M. Night Shyamalan's Knock At The Cabin Will NOT Be Shot In One Long Take [Updated]

UPDATE: M. Night Shyamalan's representatives have now reached out to say that this report is incorrect, and the source article has since been taken down. Our original article text follows.

M. Night Shyamalan has never been afraid to toy with cinematic conventions, but he's set himself up for a real challenge with his next film, "Knock at the Cabin." According to JoBlo, Shyamalan is planning on shooting the entire film in one long take. While long takes are an established tradition, especially in horror, attempting a single-take feature film can be extremely challenging due to sheer logistics. If there's a director up for the challenge though, it's probably the always-experimental M. Night. 

Shyamalan's Cinematic Experiment

While the JoBlo reveal doesn't give much more information or even a full quote from the director, it is an exciting tidbit of news. Shyamalan has used long takes in his work before, most notably in "Signs," where he used long single-shot sequences to build a sense of dread. Over the years, he's experimented with numerous cinematic devices, including his infamous twist endings, using color for thematic understanding, and even telling multiple stories at the same time through the use of cuts. He understands the way that the camera can sometimes represent the audience, and could do some incredible things with a true single-shot film. 

Of course, the biggest hurdle with an idea this audacious is planning. Every single moment during filming must be perfectly timed, because there are no second chances. A ruined take means starting from the beginning, which could be hours of work for nothing. There aren't many true single-shot movies in existence for this reason, though those that exist are stunning simply for what they've accomplished. (See: the 2015 film "Victoria.") Other films, like Sam Mendes' "1917," Alejandro G. Iñárritu's "Birdman," and Alfred Hitchcock's "Rope," are all edited to seem as if they are one shot, but careful cuts have been made and hidden throughout each.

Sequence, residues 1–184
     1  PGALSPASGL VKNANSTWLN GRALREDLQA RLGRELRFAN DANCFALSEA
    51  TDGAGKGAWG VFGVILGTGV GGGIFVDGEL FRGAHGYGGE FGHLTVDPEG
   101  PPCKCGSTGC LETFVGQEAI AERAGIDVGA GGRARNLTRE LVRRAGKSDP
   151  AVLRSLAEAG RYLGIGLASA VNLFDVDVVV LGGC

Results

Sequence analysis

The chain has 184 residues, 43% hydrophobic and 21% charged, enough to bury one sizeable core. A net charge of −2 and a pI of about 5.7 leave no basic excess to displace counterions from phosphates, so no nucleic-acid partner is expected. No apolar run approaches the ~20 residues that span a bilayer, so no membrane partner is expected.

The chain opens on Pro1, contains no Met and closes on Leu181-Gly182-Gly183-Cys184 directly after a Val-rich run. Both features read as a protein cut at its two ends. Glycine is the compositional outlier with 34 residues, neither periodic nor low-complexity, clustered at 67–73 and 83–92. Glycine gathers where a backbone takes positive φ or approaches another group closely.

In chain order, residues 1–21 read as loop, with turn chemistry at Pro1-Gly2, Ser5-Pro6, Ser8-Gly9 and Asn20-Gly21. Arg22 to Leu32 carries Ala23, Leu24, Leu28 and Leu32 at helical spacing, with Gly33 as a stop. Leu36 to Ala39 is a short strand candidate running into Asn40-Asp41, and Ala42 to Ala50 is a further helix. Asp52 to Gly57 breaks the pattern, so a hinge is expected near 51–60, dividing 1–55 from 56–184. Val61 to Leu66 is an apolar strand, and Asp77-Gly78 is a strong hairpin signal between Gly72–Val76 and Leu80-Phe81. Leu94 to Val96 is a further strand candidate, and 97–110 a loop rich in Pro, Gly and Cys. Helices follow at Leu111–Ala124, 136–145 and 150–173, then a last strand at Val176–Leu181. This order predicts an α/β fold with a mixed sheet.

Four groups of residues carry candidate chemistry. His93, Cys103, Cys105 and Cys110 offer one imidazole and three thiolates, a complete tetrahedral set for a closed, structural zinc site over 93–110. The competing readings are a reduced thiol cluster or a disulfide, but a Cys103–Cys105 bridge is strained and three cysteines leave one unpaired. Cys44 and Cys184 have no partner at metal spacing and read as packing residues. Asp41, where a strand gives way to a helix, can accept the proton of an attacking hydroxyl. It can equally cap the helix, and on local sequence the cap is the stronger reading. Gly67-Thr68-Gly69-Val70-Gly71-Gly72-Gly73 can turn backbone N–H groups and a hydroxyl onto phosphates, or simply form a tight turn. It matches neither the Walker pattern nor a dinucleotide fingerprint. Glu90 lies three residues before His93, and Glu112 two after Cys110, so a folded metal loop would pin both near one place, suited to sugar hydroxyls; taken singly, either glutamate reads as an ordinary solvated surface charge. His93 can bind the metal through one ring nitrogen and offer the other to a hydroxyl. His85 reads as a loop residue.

A Long History of Long Takes in Horror

Long takes are frequently seen in horror movies, in part because they are so useful for creating suspense. Scenes like little Danny's tricycle ride around the Overlook Hotel from "The Shining" use the time that passes to make the viewer increasingly anxious. We know there's something scary at the end, but by dragging out the moments leading up to the fright, director Stanley Kubrick heightens the intensity of the scene. Imagine applying that same kind of creeping dread to an entire film, and you can see how it would ratchet up the fear factor. 

While we unfortunately don't know much more about "Knock at the Cabin" other than the casting of Dave Bautista in a lead role, this tidbit is sure to get Shyamalan fans salivating. "Knock at the Cabin" is set to premiere in theaters on February 3, 2023.